The Conspicuous Absence of the Wright Family at the U.S. outset of WWI

- written by Dayton Aviation Heritage NHP Historian, Edward Roach

Three people sitting on a hill in front of a large house
Orville Wright, Bishop Milton Wright and Katharine Wright sitting on a hill outside of their Hawthorn Hill home in Dayton, Ohio.  c.1915

Library of Congress / NPS

As April of 1917 began, people across the United States anxiously awaited news from Washington, D.C. Would Congress answer President Woodrow Wilson’s request for a declaration of war against Germany and entry into the Great War on the side of the Allied Powers? On April 6, Congress acceded to Wilson’s request, declaring war by a vote of 373-50 in the House of Representatives and 82-6 in the Senate. While it took months for U.S. soldiers to reach Europe and directly impact the course of battle, the country’s military mobilized immediately.

However, the declaration of war was not the issue most affecting the Wright household at Hawthorn Hill in early April of 1917. On the morning of 3 April, a Tuesday, Orville, Katharine, and Mr. and Mrs. Louis Lord, friends of Katharine’s from Oberlin, Ohio, awoke to find that Milton Wright was dead. The retired bishop of the Church of the United Brethren in Christ (Old Constitution) had died overnight, in his sleep in his bedroom on the second floor of the house. Milton, a diligent diarist, had kept up his written narrative until the end (writing on 2 April “Mr. and Mrs. Lord’s [sic] with us,” but he had not been well, having had a severe cold. Born in rural Indiana in the year that Andrew Jackson was first elected U.S. president, the 88-year-old Milton Wright lived through the Civil War, the end of slavery in the United States, Dayton’s growth as an industrial hub, and, of course, the invention of the practical airplane by his sons. Though active in the woman’s suffrage movement, he did not live to see the vote extended to women throughout the United States; that came only in 1920 with the ratification of the 19th Amendment.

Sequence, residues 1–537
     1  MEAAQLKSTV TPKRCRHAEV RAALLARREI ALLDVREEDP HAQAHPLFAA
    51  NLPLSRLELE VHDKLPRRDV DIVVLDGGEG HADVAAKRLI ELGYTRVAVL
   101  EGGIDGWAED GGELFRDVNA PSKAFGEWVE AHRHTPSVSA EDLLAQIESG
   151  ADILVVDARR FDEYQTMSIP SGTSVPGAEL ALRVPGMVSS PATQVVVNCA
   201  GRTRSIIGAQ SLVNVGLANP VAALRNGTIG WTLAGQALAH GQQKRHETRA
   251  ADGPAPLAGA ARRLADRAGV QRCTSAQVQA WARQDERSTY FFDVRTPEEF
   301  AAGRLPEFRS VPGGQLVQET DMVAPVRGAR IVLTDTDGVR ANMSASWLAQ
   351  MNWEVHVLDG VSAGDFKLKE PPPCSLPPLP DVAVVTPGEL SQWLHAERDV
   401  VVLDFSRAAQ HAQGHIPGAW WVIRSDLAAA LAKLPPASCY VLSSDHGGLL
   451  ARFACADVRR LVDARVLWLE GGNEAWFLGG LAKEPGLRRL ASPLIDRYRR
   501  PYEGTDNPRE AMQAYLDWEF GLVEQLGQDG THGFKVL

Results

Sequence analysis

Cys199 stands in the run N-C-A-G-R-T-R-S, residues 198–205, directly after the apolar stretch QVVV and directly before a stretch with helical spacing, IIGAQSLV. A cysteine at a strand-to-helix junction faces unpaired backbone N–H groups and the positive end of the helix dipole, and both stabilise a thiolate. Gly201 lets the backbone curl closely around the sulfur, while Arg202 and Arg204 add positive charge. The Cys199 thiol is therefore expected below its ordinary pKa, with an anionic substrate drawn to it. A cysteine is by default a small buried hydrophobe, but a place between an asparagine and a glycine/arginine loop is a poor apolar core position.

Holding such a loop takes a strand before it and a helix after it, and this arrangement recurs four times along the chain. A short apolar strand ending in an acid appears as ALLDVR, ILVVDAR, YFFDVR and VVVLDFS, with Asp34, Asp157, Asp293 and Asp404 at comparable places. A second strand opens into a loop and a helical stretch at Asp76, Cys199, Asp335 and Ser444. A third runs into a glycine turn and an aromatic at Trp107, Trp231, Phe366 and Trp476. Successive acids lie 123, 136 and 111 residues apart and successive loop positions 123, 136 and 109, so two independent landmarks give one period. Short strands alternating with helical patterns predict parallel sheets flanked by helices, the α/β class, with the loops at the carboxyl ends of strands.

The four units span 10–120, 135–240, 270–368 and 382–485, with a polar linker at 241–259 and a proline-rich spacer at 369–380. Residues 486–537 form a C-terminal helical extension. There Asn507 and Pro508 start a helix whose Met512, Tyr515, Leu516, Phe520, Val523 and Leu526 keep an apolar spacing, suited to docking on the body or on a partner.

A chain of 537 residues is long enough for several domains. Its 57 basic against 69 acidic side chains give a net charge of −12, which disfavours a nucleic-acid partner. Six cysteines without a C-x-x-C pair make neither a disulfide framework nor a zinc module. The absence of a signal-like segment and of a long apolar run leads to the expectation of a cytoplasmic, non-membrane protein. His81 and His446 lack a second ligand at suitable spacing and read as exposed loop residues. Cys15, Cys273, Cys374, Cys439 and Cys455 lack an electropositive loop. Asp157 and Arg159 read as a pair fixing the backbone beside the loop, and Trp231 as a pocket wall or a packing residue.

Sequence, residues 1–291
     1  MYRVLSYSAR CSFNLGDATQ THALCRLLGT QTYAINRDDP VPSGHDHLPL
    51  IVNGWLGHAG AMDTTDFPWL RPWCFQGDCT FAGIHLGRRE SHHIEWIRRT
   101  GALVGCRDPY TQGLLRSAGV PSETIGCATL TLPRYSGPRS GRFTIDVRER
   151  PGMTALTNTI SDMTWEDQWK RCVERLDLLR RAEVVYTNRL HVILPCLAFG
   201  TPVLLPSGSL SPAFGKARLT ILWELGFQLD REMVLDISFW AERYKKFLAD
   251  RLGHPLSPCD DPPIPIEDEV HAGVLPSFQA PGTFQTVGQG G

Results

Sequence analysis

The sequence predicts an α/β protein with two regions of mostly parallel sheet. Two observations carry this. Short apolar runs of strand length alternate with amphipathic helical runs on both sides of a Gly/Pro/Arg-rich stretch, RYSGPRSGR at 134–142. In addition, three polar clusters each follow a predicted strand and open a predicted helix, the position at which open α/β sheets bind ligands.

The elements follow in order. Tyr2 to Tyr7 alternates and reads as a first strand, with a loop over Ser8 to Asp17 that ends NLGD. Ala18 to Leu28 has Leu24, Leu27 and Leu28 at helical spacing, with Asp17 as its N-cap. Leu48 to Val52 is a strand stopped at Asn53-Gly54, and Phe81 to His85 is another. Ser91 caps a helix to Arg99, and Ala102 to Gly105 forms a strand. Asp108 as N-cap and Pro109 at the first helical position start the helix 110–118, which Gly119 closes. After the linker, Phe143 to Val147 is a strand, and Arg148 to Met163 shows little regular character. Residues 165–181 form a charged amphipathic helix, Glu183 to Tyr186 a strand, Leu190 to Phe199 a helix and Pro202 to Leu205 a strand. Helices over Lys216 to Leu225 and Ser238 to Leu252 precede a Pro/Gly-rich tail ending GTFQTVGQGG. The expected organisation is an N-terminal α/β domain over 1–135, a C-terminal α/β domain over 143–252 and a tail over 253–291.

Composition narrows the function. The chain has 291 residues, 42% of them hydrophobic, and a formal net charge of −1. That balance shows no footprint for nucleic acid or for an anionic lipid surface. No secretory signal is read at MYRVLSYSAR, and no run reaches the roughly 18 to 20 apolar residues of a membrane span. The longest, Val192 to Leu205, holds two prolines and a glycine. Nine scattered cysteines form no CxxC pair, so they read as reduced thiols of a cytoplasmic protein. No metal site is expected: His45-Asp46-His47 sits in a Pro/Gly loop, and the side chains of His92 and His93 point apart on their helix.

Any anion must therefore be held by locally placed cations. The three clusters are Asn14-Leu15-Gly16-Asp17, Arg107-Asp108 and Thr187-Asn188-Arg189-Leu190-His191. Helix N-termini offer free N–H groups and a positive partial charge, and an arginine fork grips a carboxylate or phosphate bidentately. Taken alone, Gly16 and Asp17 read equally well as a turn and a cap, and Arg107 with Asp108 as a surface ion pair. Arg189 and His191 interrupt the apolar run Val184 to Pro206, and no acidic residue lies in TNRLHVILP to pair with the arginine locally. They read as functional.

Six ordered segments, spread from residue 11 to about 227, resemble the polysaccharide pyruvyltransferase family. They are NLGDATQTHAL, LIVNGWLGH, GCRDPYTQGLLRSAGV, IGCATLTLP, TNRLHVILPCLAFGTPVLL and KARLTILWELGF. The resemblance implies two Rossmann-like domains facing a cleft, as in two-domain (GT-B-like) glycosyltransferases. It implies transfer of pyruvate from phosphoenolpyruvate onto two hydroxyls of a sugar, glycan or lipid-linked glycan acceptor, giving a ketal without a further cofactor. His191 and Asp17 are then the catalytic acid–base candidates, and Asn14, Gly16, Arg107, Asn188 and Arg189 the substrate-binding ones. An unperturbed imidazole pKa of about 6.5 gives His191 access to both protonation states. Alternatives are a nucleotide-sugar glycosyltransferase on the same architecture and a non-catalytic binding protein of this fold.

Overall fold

Milton’s funeral took place at Hawthorn Hill on the afternoon of 5 April, and he was buried in Dayton’s Woodland Cemetery beside his wife, Susan, who had died in 1889, and near his son Wilbur, who died in 1912. As the attention of much of the U.S. population turned to Europe and the military, the attention of the Wright family during that first week in April was decidedly domestic.